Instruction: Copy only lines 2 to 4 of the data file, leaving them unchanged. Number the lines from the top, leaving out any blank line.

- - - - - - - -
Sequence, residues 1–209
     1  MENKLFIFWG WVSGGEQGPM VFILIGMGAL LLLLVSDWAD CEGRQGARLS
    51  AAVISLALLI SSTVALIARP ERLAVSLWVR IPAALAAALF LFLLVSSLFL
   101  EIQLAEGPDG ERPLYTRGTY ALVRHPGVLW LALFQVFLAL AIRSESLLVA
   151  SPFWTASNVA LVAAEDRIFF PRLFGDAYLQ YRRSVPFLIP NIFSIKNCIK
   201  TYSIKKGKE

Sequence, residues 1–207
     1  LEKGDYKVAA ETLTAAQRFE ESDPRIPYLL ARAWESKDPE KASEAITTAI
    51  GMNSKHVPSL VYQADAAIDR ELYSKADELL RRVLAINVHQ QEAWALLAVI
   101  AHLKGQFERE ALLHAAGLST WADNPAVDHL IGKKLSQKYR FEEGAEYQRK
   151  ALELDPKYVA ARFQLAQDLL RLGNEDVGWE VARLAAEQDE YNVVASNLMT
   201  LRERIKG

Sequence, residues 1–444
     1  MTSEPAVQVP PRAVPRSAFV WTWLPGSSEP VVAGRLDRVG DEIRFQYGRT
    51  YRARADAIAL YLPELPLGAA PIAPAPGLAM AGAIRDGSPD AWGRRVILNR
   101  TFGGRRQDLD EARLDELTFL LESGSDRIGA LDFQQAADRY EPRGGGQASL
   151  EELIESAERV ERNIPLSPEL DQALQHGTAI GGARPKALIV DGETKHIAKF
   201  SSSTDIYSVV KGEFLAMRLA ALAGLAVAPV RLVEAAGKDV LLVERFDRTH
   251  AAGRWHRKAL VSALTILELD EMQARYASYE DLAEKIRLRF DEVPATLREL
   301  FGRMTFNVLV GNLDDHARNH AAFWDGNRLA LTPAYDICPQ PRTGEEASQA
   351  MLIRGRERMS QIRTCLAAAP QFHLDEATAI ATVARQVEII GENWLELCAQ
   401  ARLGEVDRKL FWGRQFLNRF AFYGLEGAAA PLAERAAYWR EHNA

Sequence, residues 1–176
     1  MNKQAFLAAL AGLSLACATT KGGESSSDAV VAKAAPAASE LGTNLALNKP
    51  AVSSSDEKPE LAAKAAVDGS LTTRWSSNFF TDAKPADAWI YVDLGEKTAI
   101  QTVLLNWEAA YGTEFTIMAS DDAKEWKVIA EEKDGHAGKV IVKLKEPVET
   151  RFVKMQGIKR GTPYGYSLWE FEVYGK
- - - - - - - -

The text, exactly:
     1  MENKLFIFWG WVSGGEQGPM VFILIGMGAL LLLLVSDWAD CEGRQGARLS
    51  AAVISLALLI SSTVALIARP ERLAVSLWVR IPAALAAALF LFLLVSSLFL
   101  EIQLAEGPDG ERPLYTRGTY ALVRHPGVLW LALFQVFLAL AIRSESLLVA